The environment and natural resources must also be carefully and sustainably managed so that Indigenous peoples and everyone else in Canada can benefit from a clean environment free from pollution, and from a healthy and prosperous future. Indigenous Knowledge provides valuable insights, alongside western science, in promoting sustainable management of the environment and natural resources. Aiming to secure free, prior and informed consent on matters impacting Indigenous rights supports strengthened relationships, trust and mutual respect. Developing natural resources sustainably and equitably is essential to reducing inequalities in economic development and access to a clean environment.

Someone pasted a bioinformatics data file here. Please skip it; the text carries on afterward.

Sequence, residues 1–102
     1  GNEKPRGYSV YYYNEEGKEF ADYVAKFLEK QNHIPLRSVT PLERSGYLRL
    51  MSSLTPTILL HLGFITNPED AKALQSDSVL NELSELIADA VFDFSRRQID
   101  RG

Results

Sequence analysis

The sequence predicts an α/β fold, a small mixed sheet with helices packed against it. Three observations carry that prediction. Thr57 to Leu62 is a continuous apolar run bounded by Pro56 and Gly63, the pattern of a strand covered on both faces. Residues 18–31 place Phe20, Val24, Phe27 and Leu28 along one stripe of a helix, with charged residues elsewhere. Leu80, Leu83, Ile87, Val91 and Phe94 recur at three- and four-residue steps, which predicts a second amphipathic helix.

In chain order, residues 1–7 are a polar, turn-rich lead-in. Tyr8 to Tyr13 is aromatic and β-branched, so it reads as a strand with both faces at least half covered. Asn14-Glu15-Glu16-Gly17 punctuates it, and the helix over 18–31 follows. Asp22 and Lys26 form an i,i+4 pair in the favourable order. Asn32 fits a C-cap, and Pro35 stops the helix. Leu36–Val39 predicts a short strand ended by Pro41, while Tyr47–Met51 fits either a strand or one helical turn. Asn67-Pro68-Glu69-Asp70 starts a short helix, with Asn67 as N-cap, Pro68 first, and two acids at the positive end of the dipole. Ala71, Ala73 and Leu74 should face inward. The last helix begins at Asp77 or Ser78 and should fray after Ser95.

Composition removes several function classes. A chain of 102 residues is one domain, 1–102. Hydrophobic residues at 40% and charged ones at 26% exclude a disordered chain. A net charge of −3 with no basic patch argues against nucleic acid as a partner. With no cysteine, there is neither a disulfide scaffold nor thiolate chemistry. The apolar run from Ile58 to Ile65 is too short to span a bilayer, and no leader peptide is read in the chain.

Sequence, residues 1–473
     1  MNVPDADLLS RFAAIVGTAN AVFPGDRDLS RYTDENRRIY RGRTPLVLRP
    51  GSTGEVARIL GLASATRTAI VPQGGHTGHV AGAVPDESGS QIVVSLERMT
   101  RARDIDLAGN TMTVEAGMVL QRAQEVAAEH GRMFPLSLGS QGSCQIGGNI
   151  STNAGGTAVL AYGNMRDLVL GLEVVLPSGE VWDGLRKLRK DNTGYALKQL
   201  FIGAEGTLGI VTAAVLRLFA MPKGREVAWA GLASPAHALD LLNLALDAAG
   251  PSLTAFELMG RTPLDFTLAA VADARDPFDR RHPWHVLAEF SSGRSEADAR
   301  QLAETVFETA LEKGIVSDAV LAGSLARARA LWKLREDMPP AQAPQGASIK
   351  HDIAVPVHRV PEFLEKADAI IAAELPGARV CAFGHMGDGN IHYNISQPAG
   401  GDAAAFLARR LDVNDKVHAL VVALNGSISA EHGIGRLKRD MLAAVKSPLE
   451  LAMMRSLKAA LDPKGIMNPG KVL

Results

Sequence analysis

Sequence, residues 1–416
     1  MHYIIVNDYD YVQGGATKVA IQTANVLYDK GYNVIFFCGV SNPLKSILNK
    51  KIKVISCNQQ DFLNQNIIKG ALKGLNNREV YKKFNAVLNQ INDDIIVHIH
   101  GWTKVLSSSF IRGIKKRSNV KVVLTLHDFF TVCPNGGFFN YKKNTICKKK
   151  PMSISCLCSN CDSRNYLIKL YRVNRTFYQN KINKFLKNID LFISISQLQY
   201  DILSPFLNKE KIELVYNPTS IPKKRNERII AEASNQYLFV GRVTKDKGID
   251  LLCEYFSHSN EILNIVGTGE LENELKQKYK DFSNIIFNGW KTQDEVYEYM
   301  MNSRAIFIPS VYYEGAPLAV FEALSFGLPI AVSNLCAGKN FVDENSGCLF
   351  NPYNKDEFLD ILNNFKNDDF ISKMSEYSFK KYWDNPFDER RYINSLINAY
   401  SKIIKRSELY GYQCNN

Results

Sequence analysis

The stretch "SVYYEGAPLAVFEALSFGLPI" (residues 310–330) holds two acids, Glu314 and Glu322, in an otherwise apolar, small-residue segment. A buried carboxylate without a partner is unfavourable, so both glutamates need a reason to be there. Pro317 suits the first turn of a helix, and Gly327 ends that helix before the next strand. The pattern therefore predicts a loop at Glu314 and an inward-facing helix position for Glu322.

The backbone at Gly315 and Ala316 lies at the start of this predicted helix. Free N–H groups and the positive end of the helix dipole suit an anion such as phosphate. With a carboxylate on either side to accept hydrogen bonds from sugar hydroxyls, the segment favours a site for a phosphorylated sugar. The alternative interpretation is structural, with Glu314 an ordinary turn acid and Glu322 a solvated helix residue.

At the same time, it is important to ensure that the social and economic effects of environmental policy are accounted for when they risk increasing existing inequalities. For example, low-income households or those facing food insecurity—often headed by single mothers, persons with disabilities, recent immigrants and Indigenous peoples—may be more at risk from the effects of carbon pollution pricing, as expenditures on carbon-intensive goods make up a larger share of their expenses.

Intergenerational equity

Intergenerational equity—or the ability to meet the needs of the present generation without compromising the ability of future generations to meet their own needs—is a principle of the Federal Sustainable Development Act. It is about ensuring that future generations inherit a set of economic and environmental assets that are at least as good as the previous generation's.